Friday, August 21, 2009
Donato, who isn't even five feet tall, is now training Mr. Bones, a seven foot long albino alligator...in the water!"They put this gator back of a Ford truck," he says, "cause they wanted to show how the bed of the truck was 'Ford tough." Alligator swung his tail roun and destroyed the bed of the truck." Such was the story I heard from a man in Memphis, while on a road trip through the south.
So far, he can "stop."
"I place my hands over his eyes and he stops," Donato said.
The white alligator will be swimming around, and then pauses when Donato's hands cover his eyes. Mr. Bones can also "shake hands."
The same road trip took us to Kleibert's Alligator and Turtle Farm, in Hammond, La. (Britney's been there too!) The tour guide went to great depths to explain that alligators are driven purely by instinct. Killing instinct, in fact. As I remember, he then threw a gator a piece of meat. He explained the gator roll, and how they use their body of solid muscle, to spin numerous times at great speed while holding the prey in their teeth. This kills and rips their prey simultaneously.
Sigmund and Roy thought the cats were safe too.
On October 3, 2003, during a show at The Mirage, Roy Horn was bitten on the neck by a seven-year-old male tiger named Montecore. Crew members separated Horn from the tiger and rushed him to the only Level I trauma center in Nevada, University Medical Center. Horn was critically injured and sustained severe blood loss. While being taken to the hospital, Horn said, according to sources, "Don't shoot the cat!"I'm guessing that someday soon, Mr. Donato will experience the final segment of his fifteen minutes. "According to sources, while on his way to the hospital, Donato gasped, "Don't break Bones, don't shoot Bones."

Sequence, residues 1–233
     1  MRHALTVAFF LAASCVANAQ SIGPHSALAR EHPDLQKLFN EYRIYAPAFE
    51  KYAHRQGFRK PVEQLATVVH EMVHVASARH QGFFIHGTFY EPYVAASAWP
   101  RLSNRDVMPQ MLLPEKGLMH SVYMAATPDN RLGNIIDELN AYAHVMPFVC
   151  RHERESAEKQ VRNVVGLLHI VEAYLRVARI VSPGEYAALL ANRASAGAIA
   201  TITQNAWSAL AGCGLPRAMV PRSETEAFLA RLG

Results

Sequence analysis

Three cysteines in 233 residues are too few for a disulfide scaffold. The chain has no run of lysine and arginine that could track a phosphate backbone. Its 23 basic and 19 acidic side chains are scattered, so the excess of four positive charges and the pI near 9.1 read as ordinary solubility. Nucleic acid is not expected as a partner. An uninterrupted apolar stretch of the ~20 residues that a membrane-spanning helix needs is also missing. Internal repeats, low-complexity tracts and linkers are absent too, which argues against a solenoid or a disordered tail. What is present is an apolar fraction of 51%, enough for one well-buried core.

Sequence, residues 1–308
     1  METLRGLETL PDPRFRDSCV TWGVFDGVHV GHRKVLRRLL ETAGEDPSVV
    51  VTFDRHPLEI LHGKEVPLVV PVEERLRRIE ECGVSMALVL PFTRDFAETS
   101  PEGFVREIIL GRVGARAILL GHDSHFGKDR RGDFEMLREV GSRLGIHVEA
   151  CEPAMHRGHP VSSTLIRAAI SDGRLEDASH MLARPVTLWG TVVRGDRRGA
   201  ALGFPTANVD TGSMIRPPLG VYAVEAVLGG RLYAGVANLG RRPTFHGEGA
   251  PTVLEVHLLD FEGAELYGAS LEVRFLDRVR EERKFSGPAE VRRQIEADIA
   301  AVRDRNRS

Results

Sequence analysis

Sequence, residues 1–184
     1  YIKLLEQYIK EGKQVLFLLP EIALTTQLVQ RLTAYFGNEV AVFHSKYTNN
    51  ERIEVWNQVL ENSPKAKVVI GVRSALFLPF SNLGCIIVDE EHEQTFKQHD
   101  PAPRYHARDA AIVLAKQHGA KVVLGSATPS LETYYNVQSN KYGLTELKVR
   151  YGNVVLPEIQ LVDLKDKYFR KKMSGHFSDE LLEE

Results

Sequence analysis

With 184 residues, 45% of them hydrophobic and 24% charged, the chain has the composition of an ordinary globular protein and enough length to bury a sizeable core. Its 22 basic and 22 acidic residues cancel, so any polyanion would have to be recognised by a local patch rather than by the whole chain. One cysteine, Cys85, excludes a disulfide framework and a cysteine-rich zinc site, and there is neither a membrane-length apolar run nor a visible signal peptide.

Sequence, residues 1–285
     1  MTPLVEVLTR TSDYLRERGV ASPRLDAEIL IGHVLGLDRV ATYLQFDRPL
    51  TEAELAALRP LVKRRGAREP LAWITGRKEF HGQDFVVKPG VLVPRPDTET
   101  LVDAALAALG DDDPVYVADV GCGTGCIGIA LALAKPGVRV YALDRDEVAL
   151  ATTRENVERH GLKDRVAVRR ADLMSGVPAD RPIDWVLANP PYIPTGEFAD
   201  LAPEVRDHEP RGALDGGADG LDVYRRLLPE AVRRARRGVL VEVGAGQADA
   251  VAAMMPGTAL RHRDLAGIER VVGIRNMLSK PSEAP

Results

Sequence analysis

Thursday, August 13, 2009
My dad has Alzheimer’s, whatever that means. I think it means different things to different people depending upon their experience. I suspect, for instance, that even if my dads’ health was normative that he’d be ornery. Perhaps at Eighty-one, he’d do nothing but sit and rest even if his mind were more alert.
The wife of my father is heading out for a short five day vacation, and I’ll be heading into town to hang out with him. It’s not with great anticipation I do this, nor with anxiety or angst. I am just not looking forward to it.